The Roman silver coins were discovered by Mr. Richard Annear and Mr. John Player while metal detecting in a field at the village of Wick in the Vale of Glamorgan on 13 December 2014. The coins were found partly scattered by previous ploughing and the finders left the undisturbed portion in the ground before reporting the finds to Mark Lodwick, Co-ordinator of the Portable Antiquities Scheme in Wales (PAS Cymru) and archaeological curators at Amgueddfa Cymru – National Museum Wales. This allowed museum staff to lift it intact for detailed excavation in the museum laboratory.
 
More here.
   

Coins dating from 286–293ce from the Frome Hoard. The coins depict the usurper Roman emperor Carausius

A new exhibition now running at the British Museum focuses on the practice of hoarding in prehistoric and Roman Britain –

People have been placing metalwork and valuable objects in the ground and in water since the Bronze Age (c. 2200–800 BC). These prehistoric hoards are widely accepted as having been deposited as part of ritual practices. Later hoards were traditionally seen as a response to invasion threats and economic upheaval – riches buried in the ground to be retrieved at a later date. The 2010 discovery of a huge Roman coin hoard in Frome in Somerset raised many questions about this traditional interpretation, suggesting that ritual practices also played a part in the burial of Roman hoards.

This display showcases some recent discoveries of hoards reported through the Treasure Act and studied at the British Museum. It begins with the large metalwork deposits of the Bronze and Iron Ages such as the Salisbury hoard and weapons found in the River Thames at Broadness.

The exhibition will run until 22 May 2016 and can be found in Room 69a of the Museum. Admission is free. More here.

  

 
 
Stone way-marker on Murk Mire Moor, North Yorkshire
©
The Heritage Trust
 
Historic England’s latest feature on its blog here examines some of the ancient paths and highways of England –
 
From main roads connecting towns and cities to meandering green lanes and mysterious paths to nowhere, our highways and byways are steeped in history. Freight lorries bound for the Continent still use prehistoric tracks, long-distance coaches hurtle along Roman roads and farmers depend on medieval lanes to reach their fields.
 
For more features by The Heritage Trust on ancient roads click on the Ancient roads and tracks category above
 
 
2,000 year-old Roman figurine of Mercury
©
Portable Antiquities Scheme (PAS)
 
Ben Miller, writing in Cuture24, reports on –
 
The 1,000th officially recorded archaeological find of the year in Yorkshire… Registered on May the 15th – the day of the festival of Mercury – a 2,000-year-old figurine of the Roman god, found by Dave Cooper while he was metal detecting in a field near Selby, is a remarkable reminder of Roman times.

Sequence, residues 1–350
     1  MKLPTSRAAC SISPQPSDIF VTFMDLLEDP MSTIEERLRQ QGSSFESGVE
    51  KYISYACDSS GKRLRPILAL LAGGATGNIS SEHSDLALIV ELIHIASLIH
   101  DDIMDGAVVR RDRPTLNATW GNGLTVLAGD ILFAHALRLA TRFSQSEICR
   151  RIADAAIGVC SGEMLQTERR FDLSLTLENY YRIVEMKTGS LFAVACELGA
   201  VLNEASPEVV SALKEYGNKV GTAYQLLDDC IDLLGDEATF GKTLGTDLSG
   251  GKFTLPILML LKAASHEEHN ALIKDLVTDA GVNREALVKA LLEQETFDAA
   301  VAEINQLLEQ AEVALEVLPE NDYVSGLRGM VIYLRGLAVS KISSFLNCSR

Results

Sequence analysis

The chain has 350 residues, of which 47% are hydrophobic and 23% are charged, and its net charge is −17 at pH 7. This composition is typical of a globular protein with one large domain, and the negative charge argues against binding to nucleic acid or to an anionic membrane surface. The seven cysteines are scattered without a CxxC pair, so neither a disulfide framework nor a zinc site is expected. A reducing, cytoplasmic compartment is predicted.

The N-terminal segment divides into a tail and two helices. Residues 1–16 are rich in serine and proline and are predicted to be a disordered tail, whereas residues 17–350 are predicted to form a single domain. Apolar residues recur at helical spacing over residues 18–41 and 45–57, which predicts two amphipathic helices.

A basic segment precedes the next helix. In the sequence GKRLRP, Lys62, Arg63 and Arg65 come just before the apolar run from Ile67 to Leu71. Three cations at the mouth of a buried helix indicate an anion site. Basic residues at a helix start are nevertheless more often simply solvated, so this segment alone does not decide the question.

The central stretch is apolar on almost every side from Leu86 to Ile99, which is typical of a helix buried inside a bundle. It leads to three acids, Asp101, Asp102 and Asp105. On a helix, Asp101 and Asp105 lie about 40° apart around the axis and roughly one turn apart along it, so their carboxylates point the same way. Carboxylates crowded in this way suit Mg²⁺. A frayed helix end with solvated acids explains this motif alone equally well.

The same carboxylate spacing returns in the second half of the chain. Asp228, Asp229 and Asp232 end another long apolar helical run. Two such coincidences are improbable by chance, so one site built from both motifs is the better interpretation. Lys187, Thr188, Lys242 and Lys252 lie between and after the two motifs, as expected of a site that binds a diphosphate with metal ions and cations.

“It honestly was pure coincidence – but a very happy one,” says Rebecca Griffiths, the Finds Liaison Officer for the Portable Antiquities Scheme at the York Museums Trust.
 
Read more here. You can also discover more about the figurine here, and Public Finds Days will be held by the PAS at Hull and East Riding Museum on July 31, September 25 and November 27 from 11am-1pm and at the Yorkshire Museum on June 5, August 7, October 2, December 4 from 10am-1pm.
 
 
Romano-British tombstone found in Cirencester, England
 
On the 25 February we reported on a rare Roman-British tombstone that had been discovered in Cirencester, southern England. Today we learn that because the tombstone was found on private land belonging to St James’s Place (a wealth management company) it might not be displayed in Cirencester’s excellent Corinium Museum (situated just a few hundred metres from where the tombstone was unearthed) and may not even stay in the area at all.
 
The Wilts and Gloucestershire Standard quotes Amanda Hart, Director of the Corinium Museum, as saying, “I really, really hope it comes back to Cirencester…” A spokeswoman for the St James’s Place wealth management company, however, is reported as saying, “Unfortunately we haven’t come to a conclusion yet, we haven’t quite firmed it up.” and declined to comment further.
 
The Heritage Trust strongly urges those in a position to decide the fate of this rare artefact from Britain’s Roman period to do the honourable thing and donate it to the Corinium Museum where it can be appreciated by all members of the public and not just by a select few.
 
Related article here.
 
 
 
Roman tombstone found in Cirencester, England
 
BBC News Gloucestershire reports today on a rare Roman tombstone, made of Cotswold limestone, which has been discovered in Cirencester, England –
 
Cirencester, or Corinium as it was known, was the second largest town in Roman Britain after London. Neil Holbrook from Cotswold Archaeology said it was “very, very exciting” and the number of other such examples in Britain could be “counted on one hand”.
 
More here.
   
 
A decorated bronze jug handle from the Whitchurch excavation, near Aylesbury, Buckinghamshire, England
 
Becca Choules, writing for The Bucks Herald, reports on –
 
The remains of a 2,000-year-old Roman burial casket discovered near Whitchurch are now on display at Bucks County Museum after a metal detectorist made the chance find.
 
The excavation revealed a Roman (late 2nd century AD) wooden casket burial, measuring 1.1m long and 0.7m wide, with a rich assemblage of grave goods including two Samian ware cups, two Samian ware dishes, a pottery flagon or dish, two glass vessels, a bronze jug with decorated handle, a bronze patera (dish), an iron lamp, two unidentified lead objects and an urned cremation burial.
 
The finds have been cleaned and analysed by specialists at Oxford Archaeology, a report has been written about the discovery and the landowners and finder donated the finds to Buckinghamshire Museum. The county museum will be fundraising later in the year to gather the £3,000 needed to get all the finds, especially the fragile bronze flagon, properly conserved to enable further study and display.
 
Lesley Clarke OBE, Bucks County Council’s cabinet member for planning and environment, said: “This is a fascinating discovery. It’s an excellent example of how our archeological team is carefully looking after the county’s heritage for the benefit of future generations.”
 
More here.